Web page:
Q. Lately the Canadian government acknowledged that tallow is included in the new bills composition as a lubricant for the notes so they will easily pass through coin (paper) machines. Is that now a new problem for people that have the unhealthy habit of wetting their fingers with saliva when counting paper money?
A. Although we do find that one should on the onset refrain from using tallow candles for havdala etc. (Or Zarua 95) or tallow soap (See Mishna Berura – Biur Halacha 326), the minute amounts of processed tallow added to the banknotes should be of no consequence.
Innovia Films, the company that provides polymer for the banknotes of 24 countries, including Canada explains that beef tallow has been used for decades as an anti-static ingredient in a wide range of products, including fabric softener liquids dryer sheets and sheet plastics—including plastic bags (and plastic money)—to both reduce static cling and to generally lower surface tension or interfacial tension—all in order to make the plastic slide easier. Additionally, beef tallow has been commonly used in the manufacture of candles, crayons, soaps, detergents and glues, not to mention inks, paints, wax paper, rubber, lubricants, margarine, lipsticks, shaving creams and other cosmetics.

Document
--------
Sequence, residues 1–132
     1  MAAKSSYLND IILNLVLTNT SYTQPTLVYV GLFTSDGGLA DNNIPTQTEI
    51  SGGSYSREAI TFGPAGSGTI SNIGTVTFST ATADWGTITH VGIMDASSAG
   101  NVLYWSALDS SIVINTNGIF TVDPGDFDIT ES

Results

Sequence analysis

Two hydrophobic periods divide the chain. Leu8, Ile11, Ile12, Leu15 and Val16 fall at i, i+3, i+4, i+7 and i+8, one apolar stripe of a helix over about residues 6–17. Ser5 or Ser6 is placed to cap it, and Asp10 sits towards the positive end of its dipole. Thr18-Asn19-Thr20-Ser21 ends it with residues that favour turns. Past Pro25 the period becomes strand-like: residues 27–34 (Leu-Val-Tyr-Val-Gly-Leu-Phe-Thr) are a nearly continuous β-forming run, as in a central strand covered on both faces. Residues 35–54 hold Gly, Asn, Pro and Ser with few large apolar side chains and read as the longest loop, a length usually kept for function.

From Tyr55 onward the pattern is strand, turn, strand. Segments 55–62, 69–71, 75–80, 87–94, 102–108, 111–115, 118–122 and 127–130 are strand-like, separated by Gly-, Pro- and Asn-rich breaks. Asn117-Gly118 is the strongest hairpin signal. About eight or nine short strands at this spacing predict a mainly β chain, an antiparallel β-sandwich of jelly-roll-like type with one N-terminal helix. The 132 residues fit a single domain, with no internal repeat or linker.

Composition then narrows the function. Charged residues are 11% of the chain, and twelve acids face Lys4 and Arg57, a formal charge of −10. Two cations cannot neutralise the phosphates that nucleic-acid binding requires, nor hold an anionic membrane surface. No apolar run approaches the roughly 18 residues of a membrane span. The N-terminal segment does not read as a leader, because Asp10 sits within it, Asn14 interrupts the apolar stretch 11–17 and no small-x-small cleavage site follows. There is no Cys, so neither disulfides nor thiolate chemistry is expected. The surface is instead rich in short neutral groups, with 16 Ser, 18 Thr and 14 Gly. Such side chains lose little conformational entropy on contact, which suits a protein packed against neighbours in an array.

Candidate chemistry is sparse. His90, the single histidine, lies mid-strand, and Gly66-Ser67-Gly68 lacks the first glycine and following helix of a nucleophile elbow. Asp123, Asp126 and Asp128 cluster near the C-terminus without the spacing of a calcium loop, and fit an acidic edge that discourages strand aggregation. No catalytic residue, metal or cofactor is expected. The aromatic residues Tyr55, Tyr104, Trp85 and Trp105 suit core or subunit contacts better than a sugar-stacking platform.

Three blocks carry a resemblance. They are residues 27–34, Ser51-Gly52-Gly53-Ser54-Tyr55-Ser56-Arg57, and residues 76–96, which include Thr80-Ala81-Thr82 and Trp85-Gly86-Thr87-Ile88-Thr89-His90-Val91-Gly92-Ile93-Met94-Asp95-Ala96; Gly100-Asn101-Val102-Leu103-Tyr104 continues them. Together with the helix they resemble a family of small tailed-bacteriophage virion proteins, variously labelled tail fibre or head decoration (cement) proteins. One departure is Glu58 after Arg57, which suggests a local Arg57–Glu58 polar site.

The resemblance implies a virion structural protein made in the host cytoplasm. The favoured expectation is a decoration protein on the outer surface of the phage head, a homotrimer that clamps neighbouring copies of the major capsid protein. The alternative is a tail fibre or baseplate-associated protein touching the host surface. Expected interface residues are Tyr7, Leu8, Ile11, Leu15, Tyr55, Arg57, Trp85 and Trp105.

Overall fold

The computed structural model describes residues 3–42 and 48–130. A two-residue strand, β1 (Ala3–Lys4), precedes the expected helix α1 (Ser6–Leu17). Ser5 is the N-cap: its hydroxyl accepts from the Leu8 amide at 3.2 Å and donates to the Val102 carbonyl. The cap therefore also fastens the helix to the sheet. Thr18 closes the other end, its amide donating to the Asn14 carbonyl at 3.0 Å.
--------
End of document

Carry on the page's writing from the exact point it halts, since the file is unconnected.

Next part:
In almost all instances however—certainly in the case of anti-static additives—there are vegetable oil alternatives that perform equally as well as rendered animal fats.
Horav Shlomo Miller's Shlit'a opinion is that besides the fact that the minute (a fraction of a percent) tallow additive, is likely a chemical not fit for any consumption (such as dihydrogenated tallow dimethyl ammonium chloride), it is also balua or absorbed in the polymer banknotes, therefore of no kashrus concern.
Rabbi A. Bartfeld as revised by Horav Shlomo Miller Shlit”a